Launched a week after the much-hyped (deservedly) Optic, Norco’s new-look Sight hasn’t attracted quite the same attention in the media. Which is too bad because, after a few weeks on the bike, it’s a remarkably fun and capable bike. It takes what has made the Optic so special, and pushes it in a slightly different direction.
2020 Norco Sight C 29
Norco slots the Sight into the All Mountain category, with 150 mm rear wheel travel and 160 mm up front. This puts it somewhere between a trail bike and full enduro race bike. I covered many of the details on Norco’s completely redesigned Sight when the bike first launched. Saying it follows the “longer-lower-slacker” trend doesn’t quite cover the changes Norco made. It does that, and hits the high notes in that trend, but also has a few crucial details that elevate the Sight above the competition.
I tested the 29″ version of the Sight, in the top end C1 build. Norco continues to offer the Sight in 27.5″ wheels, as well as in a Youth model, and aluminum frames in 27.5″ and 29″ wheels. The Sight C features a carbon fibre front triangle and seatstays, with aluminum chainstays.
The shuttle pad on the downtube is a nice touch.
Sharp cable routing features clean lines and sharp details. There's a clip on either side of the shock bolt keeping the cables tucked close to the frame.
Norco displays its Canadian heritage proudly.
Norco sells the Sight with Maxxis Minnion 2.5" up front and a 2.4" DHF out back. Anywhere from 2.3" to 2.6" is the recommended tire size.
Norco’s size-specific chainstay’s are something I have mentioned in every review of the brand’s bikes. With so few in the industry following that lead, it is something that deserves mentioning again. For the Sight, though, Norco has gone one step further and added size-specific effective seat tube angles. Moving from Small to XL, the effective STA steepens from 77.0-degrees up to 78.0-degrees, ensuring lankier riders don’t get pushed too far off the back of the bike.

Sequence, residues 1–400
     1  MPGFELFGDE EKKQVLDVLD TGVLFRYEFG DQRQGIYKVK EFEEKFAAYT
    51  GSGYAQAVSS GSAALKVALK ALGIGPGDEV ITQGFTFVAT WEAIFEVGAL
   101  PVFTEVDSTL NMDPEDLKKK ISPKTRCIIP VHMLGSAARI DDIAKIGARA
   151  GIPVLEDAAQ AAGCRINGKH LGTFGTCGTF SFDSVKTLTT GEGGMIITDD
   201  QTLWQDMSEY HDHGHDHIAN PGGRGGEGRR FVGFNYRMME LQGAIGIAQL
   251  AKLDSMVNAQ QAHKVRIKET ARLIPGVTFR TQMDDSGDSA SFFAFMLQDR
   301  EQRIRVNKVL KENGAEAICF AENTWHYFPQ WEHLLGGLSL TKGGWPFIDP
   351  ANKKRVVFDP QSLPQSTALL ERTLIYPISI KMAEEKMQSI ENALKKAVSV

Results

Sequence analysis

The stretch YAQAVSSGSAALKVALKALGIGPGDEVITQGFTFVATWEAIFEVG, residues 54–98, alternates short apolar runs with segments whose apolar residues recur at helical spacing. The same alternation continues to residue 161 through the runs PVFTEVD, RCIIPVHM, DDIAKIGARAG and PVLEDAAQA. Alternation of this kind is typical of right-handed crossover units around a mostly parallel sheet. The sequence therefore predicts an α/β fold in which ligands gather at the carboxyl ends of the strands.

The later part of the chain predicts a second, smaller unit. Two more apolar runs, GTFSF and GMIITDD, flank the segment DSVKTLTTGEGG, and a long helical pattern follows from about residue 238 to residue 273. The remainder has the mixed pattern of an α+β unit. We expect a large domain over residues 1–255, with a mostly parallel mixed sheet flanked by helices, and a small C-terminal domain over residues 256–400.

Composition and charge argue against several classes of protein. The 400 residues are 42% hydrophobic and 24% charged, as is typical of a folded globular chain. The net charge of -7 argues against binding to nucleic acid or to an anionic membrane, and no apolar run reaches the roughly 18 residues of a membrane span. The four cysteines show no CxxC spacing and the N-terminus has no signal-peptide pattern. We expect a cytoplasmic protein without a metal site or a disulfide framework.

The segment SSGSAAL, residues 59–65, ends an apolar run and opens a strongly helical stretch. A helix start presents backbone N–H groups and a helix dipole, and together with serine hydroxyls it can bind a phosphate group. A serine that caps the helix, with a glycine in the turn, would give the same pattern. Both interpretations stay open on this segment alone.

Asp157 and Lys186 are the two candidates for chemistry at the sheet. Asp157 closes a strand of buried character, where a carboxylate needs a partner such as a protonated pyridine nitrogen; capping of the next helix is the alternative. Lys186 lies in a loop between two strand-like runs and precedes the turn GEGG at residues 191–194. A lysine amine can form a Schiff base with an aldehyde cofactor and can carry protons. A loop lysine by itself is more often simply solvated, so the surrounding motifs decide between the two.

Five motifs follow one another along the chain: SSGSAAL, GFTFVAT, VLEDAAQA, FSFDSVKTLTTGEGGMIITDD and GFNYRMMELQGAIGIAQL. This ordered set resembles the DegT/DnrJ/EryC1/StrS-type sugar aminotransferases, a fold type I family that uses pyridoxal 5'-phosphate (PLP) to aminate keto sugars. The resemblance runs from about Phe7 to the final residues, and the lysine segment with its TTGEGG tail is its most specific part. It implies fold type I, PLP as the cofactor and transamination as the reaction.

The frame features extensive and well placed rubber frame protection, including chainstays, down tube and a shuttle pad just below the head tube. Like the Optic, Norco has nailed the internal cable routing on the Sight, with clean lines and smart entry and exit points.
Norco Sight C1 – and Build Your Ride
For its top end Sight, Norco’s Build Your Ride program lets you choose between three different colours. Norco extends this to the Sight Aluminum frame option as well which, as I pointed out in the initial launch, is appreciated since any bike is a big investment these days and since different riders have priorities. The maroon/gold colour of the C1 I tested is quite fetching. It’s as subtle as gold lettering can be, without being boring.
SRAM XO drivetrain and Truvativ Descendant 7K cranks.
SRAM Code RSC's provide reliable stopping power.
Diety parts up front.
Code RSC levers, and XO1 Eagle shifters.
As tested, the size Large Norco Sight C1 is build up with a RockShox Lyric Ultimate fork, 160 mm travel, and Super Deluxe Select+ shock. SRAM XO1 Eagle 12-speed drivetrain is matched with SRAM Code RSC brakes (200 mm front, 180 mm rear rotor). Finishing out the the part kit is a Diety Ridgeline 35 bar, DT Swiss M1700 wheelset, an e*thirteen chainguide and bashguard, and RockShox Reverb 170 mm dropper post.
As tested, the Norco Sight C1 build is $8600.00
Trail testing the “Science of Send”
Norco has pushed the Sight in a decidedly more aggressive terrain for 2020, with the long travel and slack 64-degree HTA. While this plays out well on the descents, as you might expect, the new approach surprised with how capable it was on the climbs as well.